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Silver Bow Creek, left, enters Blacktail Creek at the confluence above George Street in this photo taken last month. This is about where Yankee Doodle Tailings Pond water will enter into the creek after getting treated and polished. The additional 7 million gallons of water flowing daily might help the Restore Our Creek Coalition's dream of getting a built creek flowing from Texas Avenue to George Street stay alive.

Despite confidential talks going late into the evening Thursday, the Environmental Protection Agency did not announce a final decision on the Butte Hill Superfund cleanup by press time.

The meeting in Butte broke up at about 8:45 p.m. Thursday. It’s not clear if EPA is waiting to announce the decision Friday morning or if more talks will ensue sometime after dawn.

EPA Regional Administrator Doug Benevento traveled from his Denver office to Butte this week. Benevento told The Montana Standard last month that EPA would reach an agreement by the end of January or order Atlantic Richfield Company, the primary responsible party, to finish the work.

EPA put Butte on EPA Administrator Scott Pruitt's “emphasis list” last month. That means Pruitt is giving attention to what happens with Butte's Superfund decisions. It is also intended to fast track the cleanup.

EPA has been locked in confidential negotiations with all the agencies and responsible parties involved in the Butte Hill cleanup for 12 years. EPA declared the area a Superfund site in 1983.

Benevento is holding a public meeting from 12 to 2 p.m. Friday at the Butte Archives, 17 W. Quartz St. He is expected to talk about the Butte Hill cleanup at that meeting.

While a considerable amount of work to clean the Butte Hill has been done over the last 35 years, much is still left. The issue at the heart of most critics of EPA is the Parrot tailings, buried mining and smelting waste behind the Butte Civic Center.

Gov. Steve Bullock announced more than two years ago the state would take the lead and remove the hazardous waste because EPA has never agreed with the state’s findings that removal is necessary. But the state has continued to stall out on a start date.

Harley Harris, Natural Resource Damage Council director, said at a public meeting last fall the NRD would get to work on excavation as soon as construction season starts in 2018. Due to an inability to reach agreements with all parties involved – the county, Montana Resources, and Burlington Northern Santa Fe Railway – NRD is now pushing its start date to mid-summer.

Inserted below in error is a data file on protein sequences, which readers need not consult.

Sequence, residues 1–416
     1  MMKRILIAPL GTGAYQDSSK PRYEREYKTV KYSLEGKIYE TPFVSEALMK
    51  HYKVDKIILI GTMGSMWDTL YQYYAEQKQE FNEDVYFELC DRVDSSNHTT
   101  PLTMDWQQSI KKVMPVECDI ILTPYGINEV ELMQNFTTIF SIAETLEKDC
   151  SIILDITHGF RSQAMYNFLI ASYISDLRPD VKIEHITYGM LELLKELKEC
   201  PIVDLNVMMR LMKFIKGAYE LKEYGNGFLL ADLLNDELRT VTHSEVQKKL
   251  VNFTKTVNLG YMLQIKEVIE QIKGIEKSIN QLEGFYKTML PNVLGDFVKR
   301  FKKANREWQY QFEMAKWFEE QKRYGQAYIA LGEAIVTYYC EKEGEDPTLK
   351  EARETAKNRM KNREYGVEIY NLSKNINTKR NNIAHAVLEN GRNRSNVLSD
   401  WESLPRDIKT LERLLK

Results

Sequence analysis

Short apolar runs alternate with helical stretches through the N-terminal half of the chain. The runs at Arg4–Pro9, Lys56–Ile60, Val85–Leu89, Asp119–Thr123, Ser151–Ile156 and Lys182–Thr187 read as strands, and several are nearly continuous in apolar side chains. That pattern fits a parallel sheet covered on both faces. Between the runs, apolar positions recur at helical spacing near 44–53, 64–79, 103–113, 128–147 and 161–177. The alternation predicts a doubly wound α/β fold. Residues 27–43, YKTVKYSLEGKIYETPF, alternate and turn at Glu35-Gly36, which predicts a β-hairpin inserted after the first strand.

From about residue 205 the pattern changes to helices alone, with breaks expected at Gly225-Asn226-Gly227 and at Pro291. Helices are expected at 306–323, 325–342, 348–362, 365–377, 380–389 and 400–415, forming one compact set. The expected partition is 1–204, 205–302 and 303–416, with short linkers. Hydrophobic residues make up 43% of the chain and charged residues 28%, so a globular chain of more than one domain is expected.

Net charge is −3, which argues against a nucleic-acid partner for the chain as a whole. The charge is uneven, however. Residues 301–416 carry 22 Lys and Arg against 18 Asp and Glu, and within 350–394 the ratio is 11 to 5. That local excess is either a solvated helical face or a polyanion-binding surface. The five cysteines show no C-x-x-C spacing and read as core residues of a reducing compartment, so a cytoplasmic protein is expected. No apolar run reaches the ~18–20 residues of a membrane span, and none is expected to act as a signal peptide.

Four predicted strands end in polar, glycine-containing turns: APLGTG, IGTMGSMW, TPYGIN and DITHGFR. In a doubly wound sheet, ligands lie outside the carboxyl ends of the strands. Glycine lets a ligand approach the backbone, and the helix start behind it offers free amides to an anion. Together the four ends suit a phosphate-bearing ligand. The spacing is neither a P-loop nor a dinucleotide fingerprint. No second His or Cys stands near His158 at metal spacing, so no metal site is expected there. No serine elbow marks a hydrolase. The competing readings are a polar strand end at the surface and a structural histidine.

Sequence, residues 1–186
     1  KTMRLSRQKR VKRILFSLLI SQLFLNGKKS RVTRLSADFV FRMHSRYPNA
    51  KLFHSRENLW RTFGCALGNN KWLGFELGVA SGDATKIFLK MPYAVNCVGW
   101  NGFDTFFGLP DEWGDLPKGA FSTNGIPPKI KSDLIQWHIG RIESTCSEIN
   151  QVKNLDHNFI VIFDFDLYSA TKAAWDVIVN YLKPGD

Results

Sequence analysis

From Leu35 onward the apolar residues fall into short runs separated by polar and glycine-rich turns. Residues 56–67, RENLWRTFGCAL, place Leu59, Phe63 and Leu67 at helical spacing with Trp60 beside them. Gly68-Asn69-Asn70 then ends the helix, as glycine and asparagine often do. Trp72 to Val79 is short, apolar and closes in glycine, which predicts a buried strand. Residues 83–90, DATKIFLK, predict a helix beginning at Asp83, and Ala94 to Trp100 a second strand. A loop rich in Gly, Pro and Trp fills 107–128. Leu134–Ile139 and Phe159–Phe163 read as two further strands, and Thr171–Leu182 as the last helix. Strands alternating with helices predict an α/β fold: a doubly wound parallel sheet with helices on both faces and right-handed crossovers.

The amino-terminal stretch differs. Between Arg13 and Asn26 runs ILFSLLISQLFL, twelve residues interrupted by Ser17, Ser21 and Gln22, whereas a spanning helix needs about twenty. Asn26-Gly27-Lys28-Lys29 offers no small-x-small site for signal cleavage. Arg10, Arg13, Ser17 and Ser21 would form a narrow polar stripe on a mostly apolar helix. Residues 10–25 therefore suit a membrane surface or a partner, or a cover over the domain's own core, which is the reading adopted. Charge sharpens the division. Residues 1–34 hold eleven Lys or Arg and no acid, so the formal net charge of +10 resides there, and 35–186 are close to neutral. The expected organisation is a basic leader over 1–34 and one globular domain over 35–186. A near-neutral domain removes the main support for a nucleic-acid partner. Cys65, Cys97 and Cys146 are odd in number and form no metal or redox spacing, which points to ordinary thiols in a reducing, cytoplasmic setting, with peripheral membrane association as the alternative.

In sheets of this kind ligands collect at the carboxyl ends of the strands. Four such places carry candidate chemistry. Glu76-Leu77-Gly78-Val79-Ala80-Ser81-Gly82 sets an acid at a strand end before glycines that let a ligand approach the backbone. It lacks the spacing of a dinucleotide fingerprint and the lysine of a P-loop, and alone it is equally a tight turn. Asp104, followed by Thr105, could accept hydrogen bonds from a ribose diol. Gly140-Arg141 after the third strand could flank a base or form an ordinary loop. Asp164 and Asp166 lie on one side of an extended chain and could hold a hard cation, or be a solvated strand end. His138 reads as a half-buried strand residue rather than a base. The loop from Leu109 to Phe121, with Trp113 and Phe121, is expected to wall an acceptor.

Harris told the Standard this week that the agency is close to getting the signatures it needs.

But the state also lacks about $14 million to get the work done. NRD wants Atlantic Richfield to pay for a portion of the work. The state has about $18.5 million to spend on the project.

Atlantic Richfield’s Houston-based spokesperson Brett Clanton declined to comment.

Other issues remain. Restore Our Creek Coalition, a group of community members, wants to see all the tailings removed that were long ago deposited from Texas Avenue to George Street by the Parrot Smelter.

They also hope to see a meandering creek running from Texas Avenue to George Street.

A berm on the south side of Blacktail Creek, behind the Butte Civic Center, is loaded with heavy metals and is a source of contamination to the creek, according to the state.

Butte’s storm water is another concern, and one that some critics say could leave Butte-Silver Bow County holding the bag.

Butte-Silver Bow Chief Executive Dave Palmer said during Wednesday evening’s commission meeting that there were possible upsides and downsides to the county being potentially liable and responsible for part of the cleanup costs.

On the plus side, the county has a seat at the negotiating table, he said. But if the county is ordered to pay for the “stormwater part of the problem,” it could be a “hefty bill.”

Some critics say a catch basin at the bottom of Buffalo Gulch would help with Butte’s storm water issue. EPA ordered Atlantic Richfield to install that catch basin in 2011, but the work was never done.

The Slag Wall Canyon area, near South Montana Street, also appears to be a source for metals getting into the creek, according to state findings.

Other critics point to vegetative caps on the Butte Hill that were never done or need to be redone.

With so much work hanging in the balance, Butte waits to see what EPA has to announce Friday.

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Reporter Mike Smith contributed to this story.


Nat'l Resources / General Reporter

Environmental and natural resources reporter for the Montana Standard.

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